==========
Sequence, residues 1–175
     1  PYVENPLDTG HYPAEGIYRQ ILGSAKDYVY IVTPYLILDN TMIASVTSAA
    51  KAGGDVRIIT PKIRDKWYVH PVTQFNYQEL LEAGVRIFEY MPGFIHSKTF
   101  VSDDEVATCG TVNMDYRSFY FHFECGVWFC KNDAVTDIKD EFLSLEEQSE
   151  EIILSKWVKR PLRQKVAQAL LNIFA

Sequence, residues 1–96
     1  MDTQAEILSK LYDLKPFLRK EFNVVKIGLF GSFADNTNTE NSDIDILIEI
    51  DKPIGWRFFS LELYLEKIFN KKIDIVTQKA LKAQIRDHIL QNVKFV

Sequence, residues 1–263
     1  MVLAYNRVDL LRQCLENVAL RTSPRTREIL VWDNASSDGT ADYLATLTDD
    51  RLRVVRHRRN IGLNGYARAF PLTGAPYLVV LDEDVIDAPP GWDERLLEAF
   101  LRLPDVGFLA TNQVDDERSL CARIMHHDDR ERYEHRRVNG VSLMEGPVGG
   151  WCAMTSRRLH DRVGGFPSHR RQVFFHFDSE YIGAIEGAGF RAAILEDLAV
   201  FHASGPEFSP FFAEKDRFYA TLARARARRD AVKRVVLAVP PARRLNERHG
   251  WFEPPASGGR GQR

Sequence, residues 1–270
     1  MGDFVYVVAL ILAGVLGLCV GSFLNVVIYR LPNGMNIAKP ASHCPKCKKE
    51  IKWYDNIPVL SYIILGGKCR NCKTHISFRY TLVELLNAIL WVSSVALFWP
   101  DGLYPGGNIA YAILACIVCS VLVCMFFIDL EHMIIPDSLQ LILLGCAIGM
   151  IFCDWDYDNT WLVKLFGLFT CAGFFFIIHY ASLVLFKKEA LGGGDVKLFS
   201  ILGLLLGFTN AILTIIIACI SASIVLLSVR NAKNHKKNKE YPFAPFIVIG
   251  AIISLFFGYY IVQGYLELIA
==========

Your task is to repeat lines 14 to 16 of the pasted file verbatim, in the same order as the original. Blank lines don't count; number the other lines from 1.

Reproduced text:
   201  FHASGPEFSP FFAEKDRFYA TLARARARRD AVKRVVLAVP PARRLNERHG
   251  WFEPPASGGR GQR

Sequence, residues 1–270